If your not using ServiceStack’s built-in error handling (i.e. want to return a 200 OK with your own Status error property) can you use your own Error Response DTO to capture your own error information.

Yes in the provided sampe it is wrong and I fixed it. (In my production version it was correct) So the question is the following:

Should this code work (is it allowed to CREATE a ResponseStatus object MANUALLY and return it in a {RequestDto}Response object as shown below ?):

            return new GetAddressListResponse()
                //Addresses = addresses.Addresses,
                //This is still NULL on Dart
                ResponseStatus = new ResponseStatus("500", "This is a fake message for testing!"),

If you say YES, this does NOT work, in Flutter the object is NULL.

And if I fill the Errors List with a few entries, it is not only null, it crashes.

Interesting enough: I changed my code a bit to generate a “naturally Exception” by accessing a member of the list, which is out of range. This of course creates an exception and in this case the ResponseStatus is filled correctly.

As I explained yesterday, I created a ResponseStatus object manually, to test my error handling routines on the flutter client.

I have updated my source code (both projects) and pushed it to GitHub. You can play around with that code to see what I mean.

To create a manual Error Response you should return it in a HttpError. If you want to return a custom status in a normal Response DTO I’d recommend using your own Error Status types as suggested earlier since this isn’t related to ServiceStack’s built-in error handling.

I’ll look into what the issue is with returning a ResponseStatus object in a Response DTO.

Hi @tbednarz,

When I use your projects, I’m getting the following in your client app.


The client is haven’t trouble deserializing the ResponseStatus, or more specifically the ResponseError list, so does seem to be choking on a null even though yes the payload has the data.

Changing your server code to return a HTTP status of 500 results in populating status code just like exception (any code >=400 should do the same). Eg

Request.Response.StatusCode = 500; // Added this line
return new GetAddressListResponse()
    //Addresses = addresses.Addresses,
    //This is still NULL on Dart
    //ResponseStatus = new ResponseStatus("500", "This is a fake message for testing!"),
    ResponseStatus = rs,

Response status populated as expected when the error handling in the client parses the data successfully.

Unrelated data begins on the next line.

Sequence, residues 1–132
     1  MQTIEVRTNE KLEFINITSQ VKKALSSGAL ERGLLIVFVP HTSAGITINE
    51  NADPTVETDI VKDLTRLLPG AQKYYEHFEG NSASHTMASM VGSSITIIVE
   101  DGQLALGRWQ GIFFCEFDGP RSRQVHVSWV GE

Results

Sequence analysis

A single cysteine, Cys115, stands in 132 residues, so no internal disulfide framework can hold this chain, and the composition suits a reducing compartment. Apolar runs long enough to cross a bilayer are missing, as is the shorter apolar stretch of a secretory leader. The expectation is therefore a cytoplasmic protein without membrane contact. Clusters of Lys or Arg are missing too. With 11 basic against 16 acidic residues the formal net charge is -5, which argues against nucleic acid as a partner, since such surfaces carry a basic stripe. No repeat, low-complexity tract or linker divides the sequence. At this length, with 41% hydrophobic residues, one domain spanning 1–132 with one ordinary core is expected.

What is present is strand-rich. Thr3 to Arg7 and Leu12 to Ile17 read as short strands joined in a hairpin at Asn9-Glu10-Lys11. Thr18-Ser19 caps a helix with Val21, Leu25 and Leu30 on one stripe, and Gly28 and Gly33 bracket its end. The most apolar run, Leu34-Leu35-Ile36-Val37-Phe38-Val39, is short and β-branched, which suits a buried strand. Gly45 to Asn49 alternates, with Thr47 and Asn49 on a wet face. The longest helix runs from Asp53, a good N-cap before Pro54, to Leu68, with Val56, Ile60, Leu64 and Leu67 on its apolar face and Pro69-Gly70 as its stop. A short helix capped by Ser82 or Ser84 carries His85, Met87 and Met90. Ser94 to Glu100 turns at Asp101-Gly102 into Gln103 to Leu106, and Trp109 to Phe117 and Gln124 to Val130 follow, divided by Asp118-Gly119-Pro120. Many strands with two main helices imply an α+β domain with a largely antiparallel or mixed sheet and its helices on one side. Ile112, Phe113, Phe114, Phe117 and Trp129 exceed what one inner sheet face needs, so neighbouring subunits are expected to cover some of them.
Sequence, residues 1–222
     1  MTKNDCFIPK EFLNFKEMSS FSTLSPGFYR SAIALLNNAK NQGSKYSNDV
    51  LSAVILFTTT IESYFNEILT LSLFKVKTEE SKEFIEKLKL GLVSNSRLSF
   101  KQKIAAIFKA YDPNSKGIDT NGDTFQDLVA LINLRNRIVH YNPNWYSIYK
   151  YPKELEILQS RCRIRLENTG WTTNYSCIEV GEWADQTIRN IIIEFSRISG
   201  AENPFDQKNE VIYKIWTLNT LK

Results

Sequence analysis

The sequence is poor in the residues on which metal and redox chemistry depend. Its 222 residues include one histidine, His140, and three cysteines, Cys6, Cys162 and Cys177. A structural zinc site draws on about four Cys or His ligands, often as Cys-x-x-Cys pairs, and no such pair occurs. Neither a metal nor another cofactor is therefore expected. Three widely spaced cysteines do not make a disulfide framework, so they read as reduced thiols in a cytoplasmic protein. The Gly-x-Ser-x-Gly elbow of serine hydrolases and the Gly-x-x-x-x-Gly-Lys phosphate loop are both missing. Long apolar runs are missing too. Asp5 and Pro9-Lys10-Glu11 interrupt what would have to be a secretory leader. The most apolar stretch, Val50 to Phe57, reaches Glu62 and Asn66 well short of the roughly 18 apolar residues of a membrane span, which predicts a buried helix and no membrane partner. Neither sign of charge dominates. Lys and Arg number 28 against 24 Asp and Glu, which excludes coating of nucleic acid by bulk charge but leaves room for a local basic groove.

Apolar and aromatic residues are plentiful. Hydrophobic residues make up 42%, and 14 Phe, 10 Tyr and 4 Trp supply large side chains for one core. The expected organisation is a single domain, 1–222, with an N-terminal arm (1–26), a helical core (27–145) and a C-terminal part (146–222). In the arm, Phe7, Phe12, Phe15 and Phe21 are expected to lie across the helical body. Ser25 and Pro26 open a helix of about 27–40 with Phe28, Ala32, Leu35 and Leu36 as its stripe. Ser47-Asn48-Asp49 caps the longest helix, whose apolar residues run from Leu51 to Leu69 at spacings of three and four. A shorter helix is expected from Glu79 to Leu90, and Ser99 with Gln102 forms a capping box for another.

EDIT: I can’t see in your if you explicitly want to avoid returning a HTTP status code error or just handle in body as 200 as @mythz suggessted, so please my post ignore above if you want to return 200 and handle yourself.

Hi Guys,
Thanks for looking into that. I learned the following:

  1. I was not aware of the fact, that the error code matters (I thought you simply serialize / deserialize those objects, no matter what error code is inside). I created these object for testing my error handling in the Flutter client only.
  2. As @mythz suggested, I use my own status objects which are completely independent of HTTP errors. (I call them ApiResult and they contain optional information which a consumer may or may not use, e.g. informing how many files or folders where deleted when you call a RemoveFolder endpoint in my document management system)
  3. Maybe I misunderstand your Error handling documentation. Let me explain what I mean:

In my service layer on the client I call the following:

  Future<GetAddressListResponse> getAddresses() async {
    var request = GetAddressList();

    try {
      var response = await client.get(request);
      return response;
    } catch (err) {
      return Future.error(err);

I expected to never see any service exceptions (such as WebServiceException) in the catch block above. I expected to see them in the GetAddressListResponse object in the ResponseStatus member only, since my Response object contains a ResponseStatus member. In the above catch block I expected to see only exceptions that occured outside of my backend services such as connection errors, e.g. Socket Errors if the server is not reachable for whatever reasons.

But that is NOT the case! So if you change my server code and undcomment the following line in the GetAddressList Service:

var addrCrash = addresses.Addresses[10];

this will throw an OutOfBoundsException. It appears as WebServiceException in the catch block above!

So maybe you can clarify this. Is it normal, that Exceptions in my backend are thrown as WebServiceExceptions no matter wheter I define a ResponseStatus member in my <RequestDto>Response class or not?

I’ve no idea where you got this expectation from, all WebServiceExceptions have only ever appeared in catch blocks.

All Server Service Exceptions throw WebSericeException’s in all Service Clients. If you use a conventionally named Response DTO (<RequestDto>Response) it will populate the ResponseStatus if it exists, if it doesn’t the error message only exists in the HTTP Status Code and Status Description which is what the WebServiceException has to fallback using, but in this case it can’t populate more structured error information like field validation errors. If you don’t want to make use of ServiceStack’s built-in error handling (i.e. return 200 OK with custom status) then you should use your own Status DTOs so it’s not confused with ServiceStack’s built-in error handling.

Issue with using built-in ResponseStatus should be resolved in latest Dart servicestack 2.0.1 library.

  servicestack: ^2.0.1